Be more productive thanks to digitization and reduced working time.
Digitization can be helpful in many aspects to increase our productivity and to win us more time for other useful things. But be cautioned, as it can also bring us more work if one doesn‘t keep one‘s eye open.
Digitization has arrived even in the remotest corners of our lives which it influences and determines significantly. Meanwhile, the first generation is alive that grew up with smartphones. You may have already seen a clueless child in front of a landline button-telephone. Digitization of our (work) lives is curse and blessing at the same time. Or shall we say blessing and curse? It can relief us in so many things. On the other hand, it brings along time-consuming pitfalls as well. Who hasn‘t been caught-up in sheer endless timelines between meaningful news and cat pictures?
On the one hand, the root of the problem lies in the reproduction and redundancy of digital communication. On the other hand in the unique elegance of its ability to delegate work. This often happens very subtle and unconsciously. Services are being delegated to us to increase productivity of the service provider. By means of unpaid work! Everyone who has ever »configured« a vehicle on the web or booked a flight online including countless payable options and »self check-in« has become a victim of »transmitted work«.
In this way we contribute to the fact that work accomplished by ourselves does not need to be done elsewhere gets lost as gainful employment in its traditional meaning. We can determine that the decision-making process gets longer and leads to serious errors – example: Berlin airport. We chronically have screens in front of our faces and dive deep down into an illusory world with a sheer inexhaustible source of meaningful (but, unfortunately, also meaningless) information. This goes to an extent that people in their illusory world stand before our feet and it leads to such remarkable excesses like traffic-lights built into our walk-ways so that these smartphone junkies to not run into the next truck in their digital blindness.
But back to subject… The digitization coin as well has two sides. One of them is a good one.
Digitization is able to disburden and to support if utilized for meaningful work. We simply have to concentrate on the digitization-relieves that make sense to be more productive with less working time. Thus, we can concentrate on our real competencies that probably won‘t be taken over by algorithms soon: being human. Actions and emotions (nearly all of our decisions are based on emotions – see our blog article »Buyer journey« – how the brain decides) where creativity and common sense are required won‘t be replaced by machines quickly. But we need more time to use them properly. We can gain that time if we ensure not being »enslaved« by digitization.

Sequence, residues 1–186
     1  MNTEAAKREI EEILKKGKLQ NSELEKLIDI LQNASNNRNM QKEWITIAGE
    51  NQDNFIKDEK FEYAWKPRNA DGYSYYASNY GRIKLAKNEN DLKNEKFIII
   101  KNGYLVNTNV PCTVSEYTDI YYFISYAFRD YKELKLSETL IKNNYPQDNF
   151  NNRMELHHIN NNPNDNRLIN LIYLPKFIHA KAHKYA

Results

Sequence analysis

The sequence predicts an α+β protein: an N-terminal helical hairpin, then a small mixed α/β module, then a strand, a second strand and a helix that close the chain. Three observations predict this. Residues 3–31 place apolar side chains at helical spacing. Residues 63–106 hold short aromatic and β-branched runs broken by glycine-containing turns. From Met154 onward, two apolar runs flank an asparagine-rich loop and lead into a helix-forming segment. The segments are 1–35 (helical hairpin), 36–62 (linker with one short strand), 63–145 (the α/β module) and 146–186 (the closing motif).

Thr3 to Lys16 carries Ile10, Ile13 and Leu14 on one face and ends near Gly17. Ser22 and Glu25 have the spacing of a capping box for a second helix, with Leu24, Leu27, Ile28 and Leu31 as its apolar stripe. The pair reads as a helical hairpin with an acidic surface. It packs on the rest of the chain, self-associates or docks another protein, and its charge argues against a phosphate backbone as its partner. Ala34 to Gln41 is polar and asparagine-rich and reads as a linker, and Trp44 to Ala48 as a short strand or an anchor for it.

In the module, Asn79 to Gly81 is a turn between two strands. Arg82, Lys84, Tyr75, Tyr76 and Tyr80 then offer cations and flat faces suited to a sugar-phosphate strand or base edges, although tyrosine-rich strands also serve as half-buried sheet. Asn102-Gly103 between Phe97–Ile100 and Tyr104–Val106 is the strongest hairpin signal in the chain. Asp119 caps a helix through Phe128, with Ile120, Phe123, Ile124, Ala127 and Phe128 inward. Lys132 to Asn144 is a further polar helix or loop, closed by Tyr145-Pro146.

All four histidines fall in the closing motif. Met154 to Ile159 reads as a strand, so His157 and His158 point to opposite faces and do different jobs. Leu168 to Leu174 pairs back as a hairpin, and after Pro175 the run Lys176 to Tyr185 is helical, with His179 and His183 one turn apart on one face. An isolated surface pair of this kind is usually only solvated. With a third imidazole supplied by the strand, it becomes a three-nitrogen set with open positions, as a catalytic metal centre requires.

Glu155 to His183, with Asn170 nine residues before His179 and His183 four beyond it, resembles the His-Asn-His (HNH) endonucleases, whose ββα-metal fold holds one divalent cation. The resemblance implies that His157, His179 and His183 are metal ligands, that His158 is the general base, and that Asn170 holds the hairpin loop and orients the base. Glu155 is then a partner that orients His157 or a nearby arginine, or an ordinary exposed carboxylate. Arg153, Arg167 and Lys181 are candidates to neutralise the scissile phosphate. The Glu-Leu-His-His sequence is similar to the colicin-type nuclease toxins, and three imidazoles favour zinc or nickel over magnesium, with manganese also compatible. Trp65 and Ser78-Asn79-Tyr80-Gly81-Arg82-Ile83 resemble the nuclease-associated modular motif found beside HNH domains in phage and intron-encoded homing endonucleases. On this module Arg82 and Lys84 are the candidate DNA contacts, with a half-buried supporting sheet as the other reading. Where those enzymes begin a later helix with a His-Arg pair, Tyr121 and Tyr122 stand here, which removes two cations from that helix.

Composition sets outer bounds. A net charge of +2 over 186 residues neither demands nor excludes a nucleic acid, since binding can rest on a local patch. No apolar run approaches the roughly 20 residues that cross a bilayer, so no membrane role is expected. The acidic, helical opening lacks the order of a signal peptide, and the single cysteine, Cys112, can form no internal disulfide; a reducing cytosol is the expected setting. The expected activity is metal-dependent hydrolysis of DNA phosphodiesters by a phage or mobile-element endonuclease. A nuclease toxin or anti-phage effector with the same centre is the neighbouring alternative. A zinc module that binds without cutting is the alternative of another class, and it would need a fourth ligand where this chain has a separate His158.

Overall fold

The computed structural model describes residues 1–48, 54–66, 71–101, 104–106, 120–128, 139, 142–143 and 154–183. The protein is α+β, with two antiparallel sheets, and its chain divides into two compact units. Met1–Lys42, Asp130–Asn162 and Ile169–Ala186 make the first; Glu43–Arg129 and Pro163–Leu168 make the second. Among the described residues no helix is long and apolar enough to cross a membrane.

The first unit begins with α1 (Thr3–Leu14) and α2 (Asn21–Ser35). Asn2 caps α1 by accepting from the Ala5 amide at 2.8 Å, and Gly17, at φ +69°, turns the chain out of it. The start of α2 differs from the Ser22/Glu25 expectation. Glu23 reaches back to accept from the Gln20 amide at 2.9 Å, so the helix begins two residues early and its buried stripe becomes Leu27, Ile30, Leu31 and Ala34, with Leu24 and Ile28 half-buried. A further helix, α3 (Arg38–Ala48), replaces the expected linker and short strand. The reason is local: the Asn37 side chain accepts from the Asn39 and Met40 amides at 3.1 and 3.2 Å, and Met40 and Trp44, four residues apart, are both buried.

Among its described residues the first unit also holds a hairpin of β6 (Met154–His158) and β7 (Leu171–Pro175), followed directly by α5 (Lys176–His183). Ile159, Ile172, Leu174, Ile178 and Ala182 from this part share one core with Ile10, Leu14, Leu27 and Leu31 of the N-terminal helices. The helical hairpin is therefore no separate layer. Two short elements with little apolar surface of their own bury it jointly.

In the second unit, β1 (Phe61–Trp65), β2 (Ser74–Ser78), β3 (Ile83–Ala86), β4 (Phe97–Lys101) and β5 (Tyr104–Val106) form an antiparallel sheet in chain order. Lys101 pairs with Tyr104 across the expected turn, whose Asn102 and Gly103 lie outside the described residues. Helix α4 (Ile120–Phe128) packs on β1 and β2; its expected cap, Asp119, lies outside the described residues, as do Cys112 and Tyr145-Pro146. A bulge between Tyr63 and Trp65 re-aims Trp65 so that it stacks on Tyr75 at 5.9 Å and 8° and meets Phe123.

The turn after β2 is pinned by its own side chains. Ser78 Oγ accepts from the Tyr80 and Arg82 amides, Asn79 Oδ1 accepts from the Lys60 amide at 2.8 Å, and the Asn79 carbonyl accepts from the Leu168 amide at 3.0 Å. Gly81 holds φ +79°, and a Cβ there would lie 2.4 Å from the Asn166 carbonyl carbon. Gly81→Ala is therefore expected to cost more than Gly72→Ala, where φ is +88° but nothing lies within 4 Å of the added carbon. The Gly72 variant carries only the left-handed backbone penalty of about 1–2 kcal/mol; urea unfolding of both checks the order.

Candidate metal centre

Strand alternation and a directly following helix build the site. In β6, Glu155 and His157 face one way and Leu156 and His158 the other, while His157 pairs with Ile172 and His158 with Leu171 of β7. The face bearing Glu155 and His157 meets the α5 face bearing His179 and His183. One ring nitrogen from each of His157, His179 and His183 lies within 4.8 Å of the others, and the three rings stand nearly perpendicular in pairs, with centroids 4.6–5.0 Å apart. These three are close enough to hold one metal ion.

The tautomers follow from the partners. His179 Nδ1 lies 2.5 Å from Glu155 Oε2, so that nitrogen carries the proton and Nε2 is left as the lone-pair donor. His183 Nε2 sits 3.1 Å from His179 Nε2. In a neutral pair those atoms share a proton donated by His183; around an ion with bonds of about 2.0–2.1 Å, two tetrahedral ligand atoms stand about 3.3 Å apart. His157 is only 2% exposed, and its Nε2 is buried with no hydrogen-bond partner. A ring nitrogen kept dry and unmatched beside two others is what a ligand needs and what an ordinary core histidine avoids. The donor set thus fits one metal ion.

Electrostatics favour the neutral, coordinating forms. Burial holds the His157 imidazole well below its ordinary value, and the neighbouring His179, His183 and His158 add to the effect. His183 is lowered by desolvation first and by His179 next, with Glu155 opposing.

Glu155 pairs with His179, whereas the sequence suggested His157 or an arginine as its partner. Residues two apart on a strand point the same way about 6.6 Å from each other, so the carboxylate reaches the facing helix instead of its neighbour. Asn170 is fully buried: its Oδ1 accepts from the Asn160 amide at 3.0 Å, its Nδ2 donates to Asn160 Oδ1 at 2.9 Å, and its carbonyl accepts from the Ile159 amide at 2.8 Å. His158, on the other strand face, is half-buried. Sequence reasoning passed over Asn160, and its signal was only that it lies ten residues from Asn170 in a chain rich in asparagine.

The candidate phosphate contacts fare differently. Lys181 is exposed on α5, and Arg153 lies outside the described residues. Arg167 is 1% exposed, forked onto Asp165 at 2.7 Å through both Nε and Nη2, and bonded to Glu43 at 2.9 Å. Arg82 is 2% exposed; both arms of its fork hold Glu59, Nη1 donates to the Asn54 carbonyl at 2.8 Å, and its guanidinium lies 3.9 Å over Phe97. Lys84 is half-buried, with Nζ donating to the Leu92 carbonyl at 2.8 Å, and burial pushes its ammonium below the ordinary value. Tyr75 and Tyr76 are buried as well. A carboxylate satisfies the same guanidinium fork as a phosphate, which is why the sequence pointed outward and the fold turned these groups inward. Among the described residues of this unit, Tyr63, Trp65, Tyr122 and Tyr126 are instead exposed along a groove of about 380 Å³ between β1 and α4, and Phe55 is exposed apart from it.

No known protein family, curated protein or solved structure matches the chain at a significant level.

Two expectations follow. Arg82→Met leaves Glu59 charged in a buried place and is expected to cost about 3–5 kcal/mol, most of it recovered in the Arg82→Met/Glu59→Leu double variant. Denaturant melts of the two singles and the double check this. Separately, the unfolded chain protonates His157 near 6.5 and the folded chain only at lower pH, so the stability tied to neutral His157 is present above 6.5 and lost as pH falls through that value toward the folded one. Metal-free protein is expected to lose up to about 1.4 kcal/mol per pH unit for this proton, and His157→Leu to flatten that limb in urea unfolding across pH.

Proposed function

Less work can mean more productivity. And vice-versa. There is quite a number of examples that verify this thesis. Whole countries and single companies (admittedly more of those that can afford it) experiment with various working hours models. Microsoft in Japan, for example, has started an experiment in August 2019 with its 2,300 employees to limited working time. They went that far to grant their workers paid leave every Friday. The result was astonishing and promising: productivity increased by 40 percent over the same month in the previous year (measured in turnover per employee).
Eko Data Intelligence relieves sustainably
Productivity and working time have interdependency. Quality seems to play an important role. The more focused and efficient and the better the quality, the more productivity increases. We are advised to utilize focused and qualitative digital sources of joy to achieve this positive effect. Eko Data Intelligence (EDI) is an excellent example for such a productivity-bringer.
EDI is a services that identifies potential new customers and provides valuable information to secure your leading advance in marketing and sales.
EDI relieves your teams by compiling and selecting relevant information of potential new customers. We select and sort those quality leads beforehand so that you literally only have to pick up the phone and dial the number we provide to you. This saves you from lengthy research and »empty« phone called or e-mails.
 This is actually not an invention of the digital economy. This idea has been around for much longer. IKEA-founder Ingvar Kamprad had a great inspirations letting his customers handle assembly and transport of the purchased and paid-for furniture by themselves and even suggest that it would be fun.